If you suspect you have a cracked tooth or other oral health problem, please contact Hillis Family Dental in St. Peters, MO, for an appointment. Acting right away can save your precious tooth! Call (636) 970-7902.
Don’t ignore a true dental emergency. Seek treatment right away and know how to handle the situation.
A dental emergency often arises when you least expect it, which can elicit panic and horror on the sufferer. But before you lose your head, it’s important that you know how to best handle a dental emergency if it happens to you. Our St. Peters, MO dentist, Dr. Amanda Hillis, offers up some tips for what you should do if this situation arises.
First and foremost, if you are dealing with any of the issues below you need to seek medical attention right away from our St. Peters emergency dentist:
- Broken/cracked tooth
- Dislodged tooth
- Knocked-out tooth
- Bitten cheek/tongue
- Lost dental work
- Broken braces
- An abscess
These are all serious dental issues that require immediate care in order to preserve the health of your smile. For many of these situations, time is critical and the sooner you come into our office for treatment the better. Of course, there are some things you can do, before you head to our office, to help ease any symptoms you may be having:
- Try a commercial pain reliever: If you are experiencing pain and swelling you may want to take an OTC medication, like ibuprofen, which can target both symptoms temporarily. If anything, it can at least ease your symptoms until you make it into our office.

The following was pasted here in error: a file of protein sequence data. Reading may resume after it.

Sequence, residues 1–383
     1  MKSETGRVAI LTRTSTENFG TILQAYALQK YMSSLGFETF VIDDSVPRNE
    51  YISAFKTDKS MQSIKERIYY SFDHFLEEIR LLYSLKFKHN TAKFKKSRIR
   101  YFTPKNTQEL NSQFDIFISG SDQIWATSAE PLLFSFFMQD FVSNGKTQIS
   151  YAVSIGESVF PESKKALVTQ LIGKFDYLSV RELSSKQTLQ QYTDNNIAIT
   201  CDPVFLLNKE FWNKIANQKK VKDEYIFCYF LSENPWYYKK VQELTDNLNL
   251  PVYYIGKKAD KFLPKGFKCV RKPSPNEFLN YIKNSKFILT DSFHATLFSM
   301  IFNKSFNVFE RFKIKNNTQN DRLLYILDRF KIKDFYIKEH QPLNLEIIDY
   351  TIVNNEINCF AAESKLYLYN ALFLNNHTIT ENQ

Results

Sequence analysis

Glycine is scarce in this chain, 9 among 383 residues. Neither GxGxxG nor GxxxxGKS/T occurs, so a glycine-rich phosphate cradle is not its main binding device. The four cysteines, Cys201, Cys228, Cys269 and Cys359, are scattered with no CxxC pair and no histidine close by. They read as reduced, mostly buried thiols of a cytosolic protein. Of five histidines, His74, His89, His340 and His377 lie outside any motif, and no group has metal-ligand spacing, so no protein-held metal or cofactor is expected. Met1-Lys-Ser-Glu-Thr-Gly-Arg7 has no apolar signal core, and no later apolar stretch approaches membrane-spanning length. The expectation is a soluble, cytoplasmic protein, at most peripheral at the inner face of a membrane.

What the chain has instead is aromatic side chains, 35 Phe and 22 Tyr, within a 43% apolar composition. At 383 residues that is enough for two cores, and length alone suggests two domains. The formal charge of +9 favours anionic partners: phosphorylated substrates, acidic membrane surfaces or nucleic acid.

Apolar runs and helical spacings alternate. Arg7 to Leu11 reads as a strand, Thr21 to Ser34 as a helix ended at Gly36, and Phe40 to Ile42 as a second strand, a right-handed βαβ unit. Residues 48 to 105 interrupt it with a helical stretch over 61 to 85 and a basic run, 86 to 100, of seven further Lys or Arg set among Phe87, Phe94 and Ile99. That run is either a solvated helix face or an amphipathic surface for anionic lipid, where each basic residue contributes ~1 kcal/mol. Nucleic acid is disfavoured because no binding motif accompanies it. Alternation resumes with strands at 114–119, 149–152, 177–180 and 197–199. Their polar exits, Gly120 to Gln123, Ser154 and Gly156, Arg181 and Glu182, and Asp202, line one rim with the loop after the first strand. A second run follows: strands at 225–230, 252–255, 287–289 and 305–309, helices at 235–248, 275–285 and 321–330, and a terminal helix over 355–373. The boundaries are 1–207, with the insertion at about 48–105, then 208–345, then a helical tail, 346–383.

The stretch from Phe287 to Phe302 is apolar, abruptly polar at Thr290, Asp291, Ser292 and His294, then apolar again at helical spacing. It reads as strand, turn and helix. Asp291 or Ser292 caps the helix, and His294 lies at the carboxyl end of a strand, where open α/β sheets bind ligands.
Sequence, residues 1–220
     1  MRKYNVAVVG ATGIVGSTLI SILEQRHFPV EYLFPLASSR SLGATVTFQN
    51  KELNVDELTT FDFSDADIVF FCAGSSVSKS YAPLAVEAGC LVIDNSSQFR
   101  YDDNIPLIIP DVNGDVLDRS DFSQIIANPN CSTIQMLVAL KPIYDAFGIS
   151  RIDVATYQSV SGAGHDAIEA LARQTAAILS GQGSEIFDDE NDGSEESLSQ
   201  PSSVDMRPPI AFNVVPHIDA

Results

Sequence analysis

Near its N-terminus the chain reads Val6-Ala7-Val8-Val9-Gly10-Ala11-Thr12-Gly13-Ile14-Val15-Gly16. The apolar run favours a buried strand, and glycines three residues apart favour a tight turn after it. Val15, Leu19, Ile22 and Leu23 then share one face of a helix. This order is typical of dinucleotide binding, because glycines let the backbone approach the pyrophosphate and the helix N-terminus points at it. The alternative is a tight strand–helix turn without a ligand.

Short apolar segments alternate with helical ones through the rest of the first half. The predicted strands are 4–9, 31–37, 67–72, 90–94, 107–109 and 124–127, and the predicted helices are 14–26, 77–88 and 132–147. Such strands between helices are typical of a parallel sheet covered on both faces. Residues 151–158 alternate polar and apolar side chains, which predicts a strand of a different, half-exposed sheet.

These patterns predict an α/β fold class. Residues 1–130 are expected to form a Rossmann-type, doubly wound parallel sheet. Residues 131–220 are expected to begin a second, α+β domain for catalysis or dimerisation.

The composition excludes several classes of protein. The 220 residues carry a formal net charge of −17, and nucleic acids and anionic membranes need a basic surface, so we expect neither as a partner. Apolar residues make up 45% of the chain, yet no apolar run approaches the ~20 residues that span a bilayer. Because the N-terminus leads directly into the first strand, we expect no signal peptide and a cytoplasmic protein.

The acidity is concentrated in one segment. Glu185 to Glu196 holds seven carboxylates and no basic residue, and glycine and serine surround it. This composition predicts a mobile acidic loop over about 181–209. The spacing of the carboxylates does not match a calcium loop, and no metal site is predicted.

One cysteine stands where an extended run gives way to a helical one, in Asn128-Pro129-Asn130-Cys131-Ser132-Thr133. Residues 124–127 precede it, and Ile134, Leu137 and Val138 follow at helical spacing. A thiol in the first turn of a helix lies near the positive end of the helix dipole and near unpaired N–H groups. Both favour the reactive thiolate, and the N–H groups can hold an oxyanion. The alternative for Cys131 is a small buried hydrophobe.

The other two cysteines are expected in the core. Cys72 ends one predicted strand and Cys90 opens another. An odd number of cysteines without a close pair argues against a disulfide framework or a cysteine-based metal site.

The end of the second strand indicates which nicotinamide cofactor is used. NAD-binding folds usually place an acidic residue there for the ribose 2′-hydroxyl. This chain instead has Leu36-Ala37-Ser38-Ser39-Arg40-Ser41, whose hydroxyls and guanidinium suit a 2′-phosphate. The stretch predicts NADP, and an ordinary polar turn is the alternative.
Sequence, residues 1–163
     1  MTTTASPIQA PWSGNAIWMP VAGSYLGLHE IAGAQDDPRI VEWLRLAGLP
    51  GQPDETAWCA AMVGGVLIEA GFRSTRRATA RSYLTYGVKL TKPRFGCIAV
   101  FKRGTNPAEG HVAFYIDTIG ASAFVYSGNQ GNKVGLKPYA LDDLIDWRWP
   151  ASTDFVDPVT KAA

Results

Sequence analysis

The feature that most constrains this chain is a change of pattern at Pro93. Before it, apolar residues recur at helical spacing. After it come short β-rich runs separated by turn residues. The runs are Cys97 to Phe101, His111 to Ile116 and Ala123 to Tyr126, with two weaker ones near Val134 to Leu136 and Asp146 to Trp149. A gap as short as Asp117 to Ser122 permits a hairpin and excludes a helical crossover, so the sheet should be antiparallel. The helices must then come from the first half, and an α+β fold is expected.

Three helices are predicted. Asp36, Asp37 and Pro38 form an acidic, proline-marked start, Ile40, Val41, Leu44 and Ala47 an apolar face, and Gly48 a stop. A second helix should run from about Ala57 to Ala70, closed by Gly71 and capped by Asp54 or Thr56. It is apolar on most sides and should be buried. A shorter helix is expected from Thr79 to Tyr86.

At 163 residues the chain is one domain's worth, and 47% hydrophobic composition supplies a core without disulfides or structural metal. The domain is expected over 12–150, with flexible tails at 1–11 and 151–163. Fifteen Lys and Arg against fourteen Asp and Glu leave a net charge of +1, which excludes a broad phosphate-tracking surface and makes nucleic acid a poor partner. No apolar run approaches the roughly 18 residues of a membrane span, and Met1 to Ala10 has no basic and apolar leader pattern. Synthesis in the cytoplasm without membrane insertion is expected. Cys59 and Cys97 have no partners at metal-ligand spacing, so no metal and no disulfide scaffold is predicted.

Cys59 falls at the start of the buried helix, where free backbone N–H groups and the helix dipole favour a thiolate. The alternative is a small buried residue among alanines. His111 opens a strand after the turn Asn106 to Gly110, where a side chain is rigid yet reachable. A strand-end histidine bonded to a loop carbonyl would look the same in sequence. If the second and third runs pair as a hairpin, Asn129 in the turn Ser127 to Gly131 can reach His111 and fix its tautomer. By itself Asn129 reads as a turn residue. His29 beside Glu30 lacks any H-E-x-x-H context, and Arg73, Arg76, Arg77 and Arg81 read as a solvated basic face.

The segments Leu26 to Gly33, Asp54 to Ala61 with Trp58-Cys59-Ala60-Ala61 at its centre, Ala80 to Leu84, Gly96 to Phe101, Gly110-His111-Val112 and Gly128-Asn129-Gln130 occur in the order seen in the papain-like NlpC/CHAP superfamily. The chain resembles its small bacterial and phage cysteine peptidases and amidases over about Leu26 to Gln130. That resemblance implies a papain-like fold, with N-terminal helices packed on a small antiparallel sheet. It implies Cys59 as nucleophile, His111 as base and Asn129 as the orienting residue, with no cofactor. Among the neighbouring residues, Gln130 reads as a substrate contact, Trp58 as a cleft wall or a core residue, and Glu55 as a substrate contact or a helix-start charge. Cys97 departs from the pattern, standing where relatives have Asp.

- Ice away the pain: By applying a wrapped ice pack to the side of your face where the injury is, you can also reduce inflammation and pain. Wrap the ice pack in a towel before applying to the skin and hold it there for up to 10 minutes at a time.
- Stop the bleeding: If you bite your tongue or cheek and it’s bleeding apply a clean towel or gauze to the area and apply pressure for about 10 to 15 minutes. If the bleeding doesn’t go down or if it actually gets worse, give us a call. We will advise you as to whether you should come into our office or head to your local emergency room.
- Protect nearby gums and soft tissue: If a wire has sprung off your braces it may be likely to cut your gums or cheeks. To prevent an injury from happening, use the eraser end of a pencil and carefully try to push the wire back in. You can also apply orthodontic wax, which you can buy at your local drugstore, to the end of the pointy wire.
- Handle teeth carefully: This is particularly important for a knocked-out tooth. Always handle a tooth by its crown and never its root, which can further damage it. If the tooth is fully knocked out, try and rinse it off with water and then place it back into the socket. If this doesn’t work, hold the tooth between your gum and cheek and head right into our office immediately so if we can save the tooth.